- Myth No. 1: Washington has limited leverage because China is the main "banker" for the United States.
- Myth No. 2: The United States is heavily dependent on cheap Chinese goods.
- Myth No. 3: External pressure on China for policy changes is counterproductive.
- Myth No. 4: Instability is bad for China
China holds a large amount of U.S. government securities. Of China's $2.3 trillion in official reserves, it is estimated that 70 percent is held in U.S. dollar assets. China is a big customer for U.S. debt, but it is not America's banker. Nor is the United States dependent on China to finance its budget deficits. If China elects not to buy U.S. Treasuries, there are other willing public and private sector buyers, as indicated by the strong demand for these securities worldwide. Although the U.S. government might have to pay higher interest rates as an incentive to get other investors to buy Treasuries in the event that the Chinese reduce their demand, the increase in interest rates would likely be small.
Major consequences from a decision by China to reduce its purchases of U.S. Treasury securities would depend on the reason behind the decision. It would be in China's best interest (and beneficial for the rest of the world as well) if China reduced its purchases of U.S. Treasuries because it decided to stop heavily managing its exchange rate and allow greater flexibility in the currency's movements. This is an important policy change that is required if China is going to rebalance its economy and be able to sustain rapid growth.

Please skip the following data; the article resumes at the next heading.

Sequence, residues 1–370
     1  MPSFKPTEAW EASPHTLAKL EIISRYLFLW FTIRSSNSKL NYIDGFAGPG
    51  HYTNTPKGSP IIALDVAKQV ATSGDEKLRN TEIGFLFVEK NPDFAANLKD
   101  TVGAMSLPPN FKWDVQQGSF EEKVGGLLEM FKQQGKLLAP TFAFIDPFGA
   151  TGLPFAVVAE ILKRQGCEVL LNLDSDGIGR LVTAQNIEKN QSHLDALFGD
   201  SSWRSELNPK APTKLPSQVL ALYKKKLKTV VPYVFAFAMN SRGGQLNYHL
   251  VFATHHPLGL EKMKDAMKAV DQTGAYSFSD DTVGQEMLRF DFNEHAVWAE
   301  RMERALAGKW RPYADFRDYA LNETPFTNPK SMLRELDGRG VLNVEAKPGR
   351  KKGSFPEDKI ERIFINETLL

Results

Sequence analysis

If instead China continues to heavily manage its exchange rate, it will build up large additional amounts of official reserves. If it decides to hold less of these additional reserves in U.S. Treasury securities, then China will increase its purchases of assets denominated in other currencies, with euro-denominated securities being the most likely alternative. In these circumstances, China would continue to intervene in its exchange market, with the central bank buying U.S. dollars for Chinese renminbi and then selling dollars for euro to acquire European assets. The result would be an appreciation of the euro. Consequently, countries in Europe, not the United States, would probably be most affected by China's move because the negative impact of euro appreciation on European economic activity would likely far outweigh the effects on the United States of smaller Chinese purchases of Treasuries.
Alternatively, China could choose to start dumping its stock of U.S. securities. The result would be appreciation of other major currencies (depending on where China would decide to park its reserve assets); upward pressure on U.S. interest rates; and the possibility of financial market disruptions if China dumped its U.S. dollar assets rapidly. However, the U.S. Federal Reserve could limit the rise in U.S. interest rates and would be able to ensure adequate liquidity to prevent market disruptions. But a decision to dump Treasuries would have a large effect on China itself. The country would incur a substantial capital loss on its reserve assets. The Chinese authorities are deeply concerned about such a loss, and are very unlikely to decide to dump U.S. assets. In fact, the discussion initiated by China regarding the need for an alternative official reserve asset is motivated by its concerns about potential losses on its U.S. dollar holdings.
Our leaders really don't have any excuse for not insisting on balanced trade with China.